Bill to amend the 1999 Constitution to discontinue the National Youth Service Corps, NYSC, the scheme is an evil plot against Nigerian youths and not in the interest of the nation, a civil society group has posited.
Kicking against the move, the Centre for Social Justice, Equity and Transparency, CESJET, said the purveyors of conflict and agents of destabilisation are at work to earnestly set the country up in flames.
Speaking at a press conference on Tuesday in Abuja, executive secretary, Comrade Isaac Ikpa said the relevance of the scheme to contemporary Nigeria cannot be overemphasised.
Established on May 22, 1973, by the military regime of General Yakubu Gowon under Decree No. 24 of 1973, the primary objective of the NYSC scheme was to reconcile and reintegrate Nigerians after the civil war.
But the lawmaker representing Andoni-Opobo/Nkoro Federal Constituency of Rivers State, Awaji-Inombek Abiante had argued that the scheme has overstayed its usefulness.
In reaction, however, Comrade Ikpa said the scheme has instead evolved over the years in fulfilling its mandate of bridging ethnic and religious divisions and fostering the spirit of Nigerian nationalism.
He noted that thousands of young Nigerian graduates still look forward to participating in the one-year mandatory service.
According to him, the scheme also provides most youths with the opportunity for self-reliance in preparation for life ahead through the allowances paid and the experiences they go through.
Describing the move as “anti-youth, anti-people and misplaced,” Ikpa noted that it is targeted at removing the last institutional framework for national stability and cohesion to satisfy the criminal mindset of a few Nigerians hiding in the National Assembly as lawmakers.
He, therefore, called on all well-meaning Nigerians to “see this attempt as an affront to our sensibilities by a select few that are hell-bent on destabilising the youthful population in Nigeria, which on its own is a recipe for conflict.”
The CSO urged all Nigerians to mobilise in their large number to stop the bill as quickly as possible, adding that this is the crucial moment in history to reinforce the essence of the exercise.
It, however, called on the leadership of the National Assembly to put the interest of the country at heart and halt further deliberations on the grossly ill-informed bill.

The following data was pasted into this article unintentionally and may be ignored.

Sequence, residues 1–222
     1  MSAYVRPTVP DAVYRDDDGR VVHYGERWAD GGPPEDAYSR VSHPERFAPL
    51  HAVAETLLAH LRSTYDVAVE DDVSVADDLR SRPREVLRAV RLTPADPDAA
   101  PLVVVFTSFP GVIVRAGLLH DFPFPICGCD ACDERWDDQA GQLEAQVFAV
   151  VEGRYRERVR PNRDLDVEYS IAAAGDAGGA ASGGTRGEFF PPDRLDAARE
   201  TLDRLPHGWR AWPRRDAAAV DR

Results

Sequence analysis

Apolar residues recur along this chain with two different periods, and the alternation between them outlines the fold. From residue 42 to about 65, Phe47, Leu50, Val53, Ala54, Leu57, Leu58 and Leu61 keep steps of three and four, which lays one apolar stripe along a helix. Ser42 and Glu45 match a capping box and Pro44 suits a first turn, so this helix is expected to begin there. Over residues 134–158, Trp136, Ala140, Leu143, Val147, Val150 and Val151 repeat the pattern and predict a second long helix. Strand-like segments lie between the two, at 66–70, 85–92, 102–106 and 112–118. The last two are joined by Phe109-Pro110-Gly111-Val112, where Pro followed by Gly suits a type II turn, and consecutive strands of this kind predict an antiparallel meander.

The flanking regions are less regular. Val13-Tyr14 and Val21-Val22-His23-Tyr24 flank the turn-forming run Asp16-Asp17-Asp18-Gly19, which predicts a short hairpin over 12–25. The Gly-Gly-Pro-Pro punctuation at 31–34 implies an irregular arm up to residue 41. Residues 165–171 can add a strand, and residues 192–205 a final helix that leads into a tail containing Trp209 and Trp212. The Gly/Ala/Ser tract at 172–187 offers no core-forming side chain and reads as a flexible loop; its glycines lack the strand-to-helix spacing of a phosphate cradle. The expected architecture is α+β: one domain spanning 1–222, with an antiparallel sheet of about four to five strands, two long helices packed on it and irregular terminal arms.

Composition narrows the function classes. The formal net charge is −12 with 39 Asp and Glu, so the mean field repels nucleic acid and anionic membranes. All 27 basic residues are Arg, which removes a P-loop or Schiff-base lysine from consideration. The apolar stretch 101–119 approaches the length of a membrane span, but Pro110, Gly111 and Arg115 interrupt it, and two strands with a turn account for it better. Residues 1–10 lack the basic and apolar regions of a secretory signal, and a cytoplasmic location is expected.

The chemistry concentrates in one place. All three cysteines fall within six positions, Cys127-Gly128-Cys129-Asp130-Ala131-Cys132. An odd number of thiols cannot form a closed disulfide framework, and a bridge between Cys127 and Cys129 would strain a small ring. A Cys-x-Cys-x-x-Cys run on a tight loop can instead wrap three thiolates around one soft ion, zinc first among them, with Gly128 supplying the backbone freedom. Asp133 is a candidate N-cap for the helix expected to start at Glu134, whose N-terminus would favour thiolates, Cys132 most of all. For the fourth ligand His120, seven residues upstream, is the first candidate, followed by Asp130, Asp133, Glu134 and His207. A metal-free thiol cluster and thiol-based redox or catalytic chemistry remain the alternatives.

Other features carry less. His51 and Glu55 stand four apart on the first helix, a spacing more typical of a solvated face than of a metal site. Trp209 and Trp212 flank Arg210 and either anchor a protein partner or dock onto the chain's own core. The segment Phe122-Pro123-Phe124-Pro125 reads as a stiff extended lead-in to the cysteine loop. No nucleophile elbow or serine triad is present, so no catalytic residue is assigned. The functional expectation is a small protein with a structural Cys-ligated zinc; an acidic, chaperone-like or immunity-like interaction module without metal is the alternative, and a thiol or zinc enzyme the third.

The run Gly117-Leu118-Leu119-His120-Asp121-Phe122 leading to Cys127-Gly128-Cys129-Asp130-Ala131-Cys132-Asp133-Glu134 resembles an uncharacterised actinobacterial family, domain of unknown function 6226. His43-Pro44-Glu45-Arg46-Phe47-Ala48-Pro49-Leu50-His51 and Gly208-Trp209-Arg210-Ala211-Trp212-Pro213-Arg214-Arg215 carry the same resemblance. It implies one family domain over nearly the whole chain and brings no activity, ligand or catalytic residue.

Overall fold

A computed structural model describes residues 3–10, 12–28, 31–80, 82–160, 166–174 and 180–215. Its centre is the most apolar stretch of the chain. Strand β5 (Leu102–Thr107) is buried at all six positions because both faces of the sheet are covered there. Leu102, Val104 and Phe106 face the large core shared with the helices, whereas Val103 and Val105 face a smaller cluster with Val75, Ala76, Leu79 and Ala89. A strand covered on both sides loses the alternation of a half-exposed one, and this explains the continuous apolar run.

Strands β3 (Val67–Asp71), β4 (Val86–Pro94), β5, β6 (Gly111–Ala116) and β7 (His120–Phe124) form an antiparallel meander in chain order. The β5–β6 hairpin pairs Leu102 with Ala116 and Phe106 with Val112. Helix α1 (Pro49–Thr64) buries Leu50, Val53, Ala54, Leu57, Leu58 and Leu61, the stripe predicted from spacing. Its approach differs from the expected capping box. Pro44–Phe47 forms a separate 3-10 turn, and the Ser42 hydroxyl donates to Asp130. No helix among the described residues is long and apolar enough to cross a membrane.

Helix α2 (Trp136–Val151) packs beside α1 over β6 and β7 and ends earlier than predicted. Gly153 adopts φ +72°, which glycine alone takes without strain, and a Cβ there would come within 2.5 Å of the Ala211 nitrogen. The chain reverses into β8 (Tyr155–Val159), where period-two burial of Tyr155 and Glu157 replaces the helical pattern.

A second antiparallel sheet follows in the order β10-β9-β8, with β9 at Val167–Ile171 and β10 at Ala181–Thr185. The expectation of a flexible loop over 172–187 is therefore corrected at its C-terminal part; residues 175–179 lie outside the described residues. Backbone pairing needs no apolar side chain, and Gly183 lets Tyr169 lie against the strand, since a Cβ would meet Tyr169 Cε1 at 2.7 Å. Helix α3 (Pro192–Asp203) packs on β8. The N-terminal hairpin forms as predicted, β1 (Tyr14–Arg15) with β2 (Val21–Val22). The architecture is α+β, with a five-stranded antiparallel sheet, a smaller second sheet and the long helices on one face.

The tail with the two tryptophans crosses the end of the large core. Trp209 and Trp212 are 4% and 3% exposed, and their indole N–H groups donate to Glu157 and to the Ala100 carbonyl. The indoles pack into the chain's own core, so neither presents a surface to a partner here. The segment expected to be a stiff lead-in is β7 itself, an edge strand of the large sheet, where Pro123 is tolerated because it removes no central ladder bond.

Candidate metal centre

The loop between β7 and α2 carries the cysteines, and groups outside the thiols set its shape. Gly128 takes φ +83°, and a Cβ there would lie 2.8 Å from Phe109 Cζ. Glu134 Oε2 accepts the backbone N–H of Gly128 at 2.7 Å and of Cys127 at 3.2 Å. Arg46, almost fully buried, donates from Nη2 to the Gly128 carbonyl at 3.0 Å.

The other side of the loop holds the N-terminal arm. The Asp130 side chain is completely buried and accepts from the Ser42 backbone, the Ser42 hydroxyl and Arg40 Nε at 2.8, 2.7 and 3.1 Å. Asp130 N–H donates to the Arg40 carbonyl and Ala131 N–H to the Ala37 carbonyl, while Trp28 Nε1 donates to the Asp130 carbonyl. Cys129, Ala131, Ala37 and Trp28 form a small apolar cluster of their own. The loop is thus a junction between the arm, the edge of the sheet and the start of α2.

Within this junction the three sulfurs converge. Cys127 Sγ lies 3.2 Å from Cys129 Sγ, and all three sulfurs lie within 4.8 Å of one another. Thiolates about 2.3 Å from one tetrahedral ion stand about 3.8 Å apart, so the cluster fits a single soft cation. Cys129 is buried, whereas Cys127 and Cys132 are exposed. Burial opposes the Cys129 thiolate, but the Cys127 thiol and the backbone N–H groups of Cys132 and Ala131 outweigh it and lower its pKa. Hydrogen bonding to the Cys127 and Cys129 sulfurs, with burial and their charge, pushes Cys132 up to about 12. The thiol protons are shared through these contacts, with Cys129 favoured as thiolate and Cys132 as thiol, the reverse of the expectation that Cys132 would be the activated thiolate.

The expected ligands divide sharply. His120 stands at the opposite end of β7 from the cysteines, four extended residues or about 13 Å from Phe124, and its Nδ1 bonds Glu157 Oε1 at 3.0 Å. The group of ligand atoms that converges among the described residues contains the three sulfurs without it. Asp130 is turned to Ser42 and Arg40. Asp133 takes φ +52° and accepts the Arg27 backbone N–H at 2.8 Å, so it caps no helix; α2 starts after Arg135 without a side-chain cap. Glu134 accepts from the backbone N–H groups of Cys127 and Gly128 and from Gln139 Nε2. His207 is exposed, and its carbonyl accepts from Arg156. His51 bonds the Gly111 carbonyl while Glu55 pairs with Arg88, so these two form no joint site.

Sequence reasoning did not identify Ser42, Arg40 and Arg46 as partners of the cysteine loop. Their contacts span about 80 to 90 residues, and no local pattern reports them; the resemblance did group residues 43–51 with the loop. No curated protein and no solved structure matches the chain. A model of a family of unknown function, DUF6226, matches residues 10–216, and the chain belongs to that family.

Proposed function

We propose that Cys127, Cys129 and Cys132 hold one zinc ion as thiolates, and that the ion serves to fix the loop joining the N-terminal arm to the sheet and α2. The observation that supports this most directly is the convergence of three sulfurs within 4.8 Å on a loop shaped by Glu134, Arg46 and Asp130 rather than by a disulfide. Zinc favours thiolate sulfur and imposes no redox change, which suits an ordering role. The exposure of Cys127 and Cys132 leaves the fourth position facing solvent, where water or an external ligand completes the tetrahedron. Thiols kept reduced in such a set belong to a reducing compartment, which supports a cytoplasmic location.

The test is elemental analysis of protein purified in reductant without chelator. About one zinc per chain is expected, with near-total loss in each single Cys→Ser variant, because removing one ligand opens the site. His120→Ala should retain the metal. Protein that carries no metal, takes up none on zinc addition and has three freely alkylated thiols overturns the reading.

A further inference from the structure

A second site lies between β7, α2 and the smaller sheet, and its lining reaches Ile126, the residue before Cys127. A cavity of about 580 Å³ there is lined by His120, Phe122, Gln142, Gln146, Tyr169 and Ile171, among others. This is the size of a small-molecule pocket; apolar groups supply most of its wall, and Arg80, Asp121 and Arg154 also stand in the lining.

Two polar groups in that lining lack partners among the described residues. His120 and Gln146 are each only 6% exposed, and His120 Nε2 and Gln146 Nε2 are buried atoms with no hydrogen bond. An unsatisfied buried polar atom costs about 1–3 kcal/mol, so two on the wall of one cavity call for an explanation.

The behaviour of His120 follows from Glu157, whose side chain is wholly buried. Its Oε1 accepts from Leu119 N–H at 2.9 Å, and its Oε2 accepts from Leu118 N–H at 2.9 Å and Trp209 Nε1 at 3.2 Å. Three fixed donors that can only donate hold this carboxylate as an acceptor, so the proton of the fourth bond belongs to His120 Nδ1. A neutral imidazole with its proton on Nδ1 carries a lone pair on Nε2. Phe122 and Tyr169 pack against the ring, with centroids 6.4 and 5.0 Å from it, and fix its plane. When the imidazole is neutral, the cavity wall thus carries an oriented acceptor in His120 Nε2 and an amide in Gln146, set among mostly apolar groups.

The CSO also urged the federal government to do all within its means to ensure that those against the interest of the country do not succeed in disorienting its youthful population.
“The relevance of the NYSC in contemporary Nigeria cannot be overemphasised. That the NYSC has evolved over the years in fulfilling its mandate of bridging ethnic and religious divisions in Nigeria and fostering the spirit of Nigerian nationalism is a statement of fact.
“It is, therefore, worrisome that some vested interest would attempt to push for the scrapping of such as initiative that is well-grounded to address the various ethnic and religious agitations and tensions in the country.
“It is, therefore, the considered view of the Centre for Social Justice, Equity and Transparency that the call for the scrapping of the NYSC is not only disjointed, it is also of poor taste and a puerile attempt at plunging the country into a crisis of unimaginable proportion.
“It is also our considered view that the selfish proponents of the Bill seeking for the scrapping of the NYSC failed to realise that hundreds of thousands of young Nigerian graduates look forward to participating in the one-year mandatory service.
“They also failed to realise that the one year service year provides most youths with the opportunity for self-reliance in preparation for life ahead through the allowances paid to them and the experiences they go through in their service year,” the CSO posited.
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